Don’t Sign Yet! What to Know About Personal Loan Contracts Before the Dotted Line
Given that around 80% of Americans are currently in debt, signing a personal loan contract is a familiar experience for millions of Americans.
However, if you’re about to sign up for a new loan or your first personal loan, you need to consider everything there is to know about them before you sign.
Here are five things to know before you put your name on the dotted line.
1. Figure Out How They Work
Personal loan contracts aren’t complicated but they’re not quite like every other loan out there. Personal loans are usually an installment loan, which means that you get a fixed amount of money.
This is often distributed in a lump sum, while you’re required to repay it in increments over a set period of time.
The life of your loan varies anywhere from a year to 84 months. Follow the rules, pay back your loan and its associated interest, and your account is then closed.
If you find that you need more money, you’ll have to apply for a new loan later on.
Think about why you need the money before you apply. One of the most common lending situations entails people taking out more money than they can afford because they qualify for it.
If you’re not loaning for the right reasons, you’re more likely to take out more money than you should instead of just saving up to spend the cash.
Personal loan contracts can range from anywhere between $1,500 and $100,000. You need good credit to get up into the five-figure range, but with damaged credit and a stable job, you might be able to get more than other people would.
2. Choose the Right Type
Before you sign on for a personal loan, you need to ensure that you’ve chosen the right type of loan. Choosing the wrong type of loan means that you’ll have access to less money and be under stricter conditions for taking out money and paying it back.
A secured loan is a type of loan backed by collateral, meaning that you have some kind of asset that proves you’ll be able to pay the money back. Your security for loans like that could vary from a car to a house, a CD, or a savings account.
If you can’t make your payments, then a lender has the right to take your asset to pay back what they’re owed, under fair conditions.
An unsecured loan is one that doesn’t require a specific asset to be attached to it.
That means that you’re trusted by whatever lending institution to pay back the loan on your own. While they often have higher interest rates than secured options, they often have more liberal terms than secured loans.
3. Go to the Right Place
When you’re looking for a personal loan, most people head to a bank first. However, they’re not the only place that offers these types of loans. There are a wider variety of institutions than ever that offer personal loans to help you when you need it.
Credit unions and consumer finance companies are other types of alternative lenders. While they don’t have as much money to throw around as large banks, they have other benefits that banks don’t have.
They’ll offer terms that are more friendly to people like you, especially if you’re part of the local business ecosystem or an engaged community member.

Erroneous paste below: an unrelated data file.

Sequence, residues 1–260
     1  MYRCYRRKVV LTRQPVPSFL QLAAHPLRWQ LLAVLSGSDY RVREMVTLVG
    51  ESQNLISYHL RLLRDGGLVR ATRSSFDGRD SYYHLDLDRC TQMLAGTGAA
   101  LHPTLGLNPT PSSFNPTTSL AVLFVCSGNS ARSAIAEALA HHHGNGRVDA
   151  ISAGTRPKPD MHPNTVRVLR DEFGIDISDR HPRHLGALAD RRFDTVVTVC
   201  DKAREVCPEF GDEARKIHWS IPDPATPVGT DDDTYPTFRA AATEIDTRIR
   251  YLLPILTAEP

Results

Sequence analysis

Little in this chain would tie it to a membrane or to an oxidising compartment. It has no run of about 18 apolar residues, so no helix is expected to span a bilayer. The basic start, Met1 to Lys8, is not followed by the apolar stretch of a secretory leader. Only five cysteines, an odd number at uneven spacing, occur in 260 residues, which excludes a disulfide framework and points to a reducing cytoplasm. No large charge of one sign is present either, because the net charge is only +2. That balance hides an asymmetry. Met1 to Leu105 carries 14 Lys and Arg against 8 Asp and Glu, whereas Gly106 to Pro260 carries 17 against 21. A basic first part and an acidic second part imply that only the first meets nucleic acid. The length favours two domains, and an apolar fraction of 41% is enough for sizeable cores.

Online lenders are a new way to get money from lenders that have fair terms.
There’s a lot of peer-to-peer lenders that offer loans to people who need them on a short-term and user-friendly basis. If you’re looking to get a loan from a small lender looking to help build up their community, peer-to-peer lending is the way to go.
To learn more about your options in lenders, read more here.
4. Watch Your Credit Score
When you take out a loan, you’re looking at potential changes to hit your credit score. In fact, before you even get your loan you could be looking at changes to your credit score.
Every time your credit score is looked at, it’s called an inquiry, and it changes your credit.
Usually, this is called a “hard inquiry” and typically it takes your credit score down a notch. You can recover from this hit pretty quickly but it’s still something to think about before applying for a loan that you don’t need.
Hard inquiries end up on your credit score for a couple of years but then get erased.
While you’re shopping for credit with a bank or a company that you already have an account with, you’ll have your credit looked at. These reviews don’t impact you the same way.
These “soft inquiries” don’t impact your credit score, so look for companies that do a soft pull rather than a hard pull.
5. Become Interest Rate Literate
As you probably know, a loan for $1,000 costs you more than $1,000. Often these loans cost you around 15 percent more than you took out, but the rates range from 5 percent all the way up to more than 33 percent.
The longer your loan’s terms are, the more you’re going to end up paying in the end.
There’s also usually a fee just for taking out your loan. This “origination fee” costs up to 5 percent of your loan. That cost, just for processing the loan, should be accounted for when you first take out your loan.
When you repay your loan, you may even be subject to prepayment fees. Paying it too early could cost you more than you bargained for.
A Personal Loan Contract is Serious Business
Before you sign a personal loan contract, you need to think carefully about your financial future.
One personal loan gone wrong could drive your credit into the ground. Make sure you’ve learned everything you need to know to ensure that your next loan helps you reach your goals rather than driving you into debt.
Check out our latest guide to find out how these loans help you reach your goals.